Ing’s Bracelet: A Jewelry Process

When the bell rings at the end of first lunch, Parima Chaopanitcharoen, a student from Thailand studying in her Junior year, is always in a hurry to go to room 115.

image03Ing, as Parima is called, is taking jewelry making class this semester with Kristine Chartrand.

“I find this class interesting… because my mother has a  jewelry business,” Ing said.  “I had never done such things before. It is really hard when we do it the first time. It gets easier only if we practice a lot.”

To create a  perfect piece of jewelry, a jeweler practices on waste metal to learn and improve. In class, students called these pieces “samples.”   

“In this class most of my metal work are samples… for practicing of different skills,” said Ing.

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Kristine Chartrand, the teacher of jewelry making class, said,  “Students have to really plan it out….often times they cannot change designs… if they made mistakes there is no going back. Metals are not very forgiving.”

Ing’s first project was a bracelet.

“My inspiration was a seagull bird,” Ing said.  “I went to Washington D.C. There I took a picture of a seagull as my inspiration. That is why I want to convert it into jewelry.”

“Some people don’t see it like a seagull or like a bird,” she said. “But I tried to make it like that.”  

image00Once she had her idea, Ing measured her wrist and selected the metal.  Ing’s bracelet was made from nickel silver.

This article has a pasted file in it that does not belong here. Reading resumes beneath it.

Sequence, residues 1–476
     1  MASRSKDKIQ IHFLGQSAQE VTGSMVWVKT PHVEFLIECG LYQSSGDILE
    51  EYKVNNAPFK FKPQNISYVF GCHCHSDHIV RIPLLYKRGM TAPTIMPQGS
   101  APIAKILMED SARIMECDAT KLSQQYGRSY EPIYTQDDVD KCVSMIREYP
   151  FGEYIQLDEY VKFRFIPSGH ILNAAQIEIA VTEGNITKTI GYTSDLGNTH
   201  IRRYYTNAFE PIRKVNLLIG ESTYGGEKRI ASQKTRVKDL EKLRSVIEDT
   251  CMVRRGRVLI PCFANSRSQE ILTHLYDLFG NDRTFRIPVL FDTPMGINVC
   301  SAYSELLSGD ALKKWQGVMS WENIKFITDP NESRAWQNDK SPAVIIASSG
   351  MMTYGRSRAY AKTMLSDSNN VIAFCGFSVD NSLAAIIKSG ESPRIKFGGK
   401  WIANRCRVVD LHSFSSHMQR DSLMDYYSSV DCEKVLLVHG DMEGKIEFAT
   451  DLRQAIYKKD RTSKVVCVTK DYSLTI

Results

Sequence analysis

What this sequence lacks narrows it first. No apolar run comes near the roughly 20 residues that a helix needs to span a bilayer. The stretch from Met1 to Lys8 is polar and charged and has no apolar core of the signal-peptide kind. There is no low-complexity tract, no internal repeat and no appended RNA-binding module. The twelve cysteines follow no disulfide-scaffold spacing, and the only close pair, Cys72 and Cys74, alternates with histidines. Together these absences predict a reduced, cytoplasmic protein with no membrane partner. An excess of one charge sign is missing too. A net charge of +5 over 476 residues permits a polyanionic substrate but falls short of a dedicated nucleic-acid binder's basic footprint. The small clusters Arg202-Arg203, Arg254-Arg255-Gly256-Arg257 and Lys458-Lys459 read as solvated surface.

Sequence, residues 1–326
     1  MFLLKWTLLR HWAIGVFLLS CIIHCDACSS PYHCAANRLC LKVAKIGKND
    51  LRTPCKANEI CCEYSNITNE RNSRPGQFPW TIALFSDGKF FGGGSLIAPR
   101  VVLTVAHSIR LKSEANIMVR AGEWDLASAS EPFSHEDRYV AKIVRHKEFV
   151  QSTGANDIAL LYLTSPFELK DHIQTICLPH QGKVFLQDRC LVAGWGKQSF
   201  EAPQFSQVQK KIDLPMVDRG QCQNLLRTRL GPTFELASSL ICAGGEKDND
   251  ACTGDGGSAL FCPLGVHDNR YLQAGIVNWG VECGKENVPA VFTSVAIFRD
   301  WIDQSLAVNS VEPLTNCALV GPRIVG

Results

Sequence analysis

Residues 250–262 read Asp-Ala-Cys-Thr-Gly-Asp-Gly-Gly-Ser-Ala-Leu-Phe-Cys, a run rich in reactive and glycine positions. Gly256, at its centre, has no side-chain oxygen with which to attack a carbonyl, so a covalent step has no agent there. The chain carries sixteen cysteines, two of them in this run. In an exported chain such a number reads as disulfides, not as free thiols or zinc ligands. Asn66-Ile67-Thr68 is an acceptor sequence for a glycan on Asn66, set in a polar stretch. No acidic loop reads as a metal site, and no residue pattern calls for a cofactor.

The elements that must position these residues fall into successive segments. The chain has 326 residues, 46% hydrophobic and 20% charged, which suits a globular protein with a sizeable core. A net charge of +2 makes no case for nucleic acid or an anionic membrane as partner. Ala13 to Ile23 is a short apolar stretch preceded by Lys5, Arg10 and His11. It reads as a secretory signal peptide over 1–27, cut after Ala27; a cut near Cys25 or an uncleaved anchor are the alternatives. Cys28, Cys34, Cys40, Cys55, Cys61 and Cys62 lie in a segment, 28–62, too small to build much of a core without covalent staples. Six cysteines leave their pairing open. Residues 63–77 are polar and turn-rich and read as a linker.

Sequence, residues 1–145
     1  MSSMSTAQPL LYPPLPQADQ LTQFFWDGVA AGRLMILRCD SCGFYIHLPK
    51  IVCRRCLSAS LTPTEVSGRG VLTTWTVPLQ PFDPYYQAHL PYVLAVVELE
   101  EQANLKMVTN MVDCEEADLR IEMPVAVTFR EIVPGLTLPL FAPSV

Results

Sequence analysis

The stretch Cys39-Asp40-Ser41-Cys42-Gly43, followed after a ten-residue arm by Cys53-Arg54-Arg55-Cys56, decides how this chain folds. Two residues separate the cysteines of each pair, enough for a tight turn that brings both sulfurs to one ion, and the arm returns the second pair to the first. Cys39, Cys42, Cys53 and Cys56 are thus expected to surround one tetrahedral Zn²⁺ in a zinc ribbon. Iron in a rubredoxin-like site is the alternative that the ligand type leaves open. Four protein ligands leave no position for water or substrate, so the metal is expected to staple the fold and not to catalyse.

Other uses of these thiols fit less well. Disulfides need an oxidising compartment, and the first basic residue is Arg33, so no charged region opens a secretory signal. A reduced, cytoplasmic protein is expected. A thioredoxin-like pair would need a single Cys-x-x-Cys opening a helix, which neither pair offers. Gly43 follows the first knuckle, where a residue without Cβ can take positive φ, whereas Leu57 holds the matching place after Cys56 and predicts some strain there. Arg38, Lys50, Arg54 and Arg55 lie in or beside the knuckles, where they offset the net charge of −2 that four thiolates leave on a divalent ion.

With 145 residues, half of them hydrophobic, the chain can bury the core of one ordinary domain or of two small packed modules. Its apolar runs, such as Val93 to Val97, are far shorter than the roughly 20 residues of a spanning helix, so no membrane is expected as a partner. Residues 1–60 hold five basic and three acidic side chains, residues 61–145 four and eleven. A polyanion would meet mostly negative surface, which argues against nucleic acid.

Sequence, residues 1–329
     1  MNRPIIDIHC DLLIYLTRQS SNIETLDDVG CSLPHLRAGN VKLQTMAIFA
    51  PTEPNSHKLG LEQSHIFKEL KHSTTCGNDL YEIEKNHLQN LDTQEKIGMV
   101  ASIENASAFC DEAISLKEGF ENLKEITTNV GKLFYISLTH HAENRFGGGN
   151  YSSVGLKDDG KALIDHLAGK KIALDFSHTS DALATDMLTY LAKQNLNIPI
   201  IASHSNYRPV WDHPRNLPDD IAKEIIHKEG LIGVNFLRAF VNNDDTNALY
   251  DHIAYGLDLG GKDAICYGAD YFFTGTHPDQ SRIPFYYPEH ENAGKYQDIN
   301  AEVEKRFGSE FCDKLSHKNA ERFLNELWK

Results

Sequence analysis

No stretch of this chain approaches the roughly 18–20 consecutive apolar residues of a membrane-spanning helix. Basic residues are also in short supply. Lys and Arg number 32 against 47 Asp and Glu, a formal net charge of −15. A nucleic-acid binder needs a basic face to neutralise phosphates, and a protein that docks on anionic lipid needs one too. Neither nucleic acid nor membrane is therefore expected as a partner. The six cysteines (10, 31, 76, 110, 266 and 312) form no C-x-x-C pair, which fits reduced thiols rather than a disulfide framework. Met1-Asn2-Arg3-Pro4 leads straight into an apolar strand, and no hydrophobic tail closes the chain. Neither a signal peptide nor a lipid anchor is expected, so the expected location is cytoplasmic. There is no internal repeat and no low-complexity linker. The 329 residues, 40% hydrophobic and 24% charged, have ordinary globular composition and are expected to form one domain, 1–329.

Then she drew the design on the metal.  “I don’t want the bracelet to look all the way like a seagull so I made some triangles and rectangles,” Ing said.  

After the design was ready, Ing moved her piece of metal to the bench pin, which holds the metal for cutting.   She used a flex chef– an electric tool almost like a drill– to start the holes, saw blades to cut out holes from the metal, and a ring file to remove the edges. Ing said the polishing machine is the hardest part because the metal gets hot while polishing and also spins, so it is dangerous.  

Ing explained, “My bracelet has no texture, or stamping, just internal and external cuts, because I want my bracelet clear and shiny.”image02

“For perfection in my jewelry I try to cut it straight to make it even and smooth and I file the edges,” Ing said. “I think the filing is the most important part.”

Now Ing is working on a pendent, which is based on her identity.

“I have an inspiration from my mom, dad and the city where I was born which is the big city Bangkok,” Ing said. “My dad, he is an architect, so it can be shaped like a building.”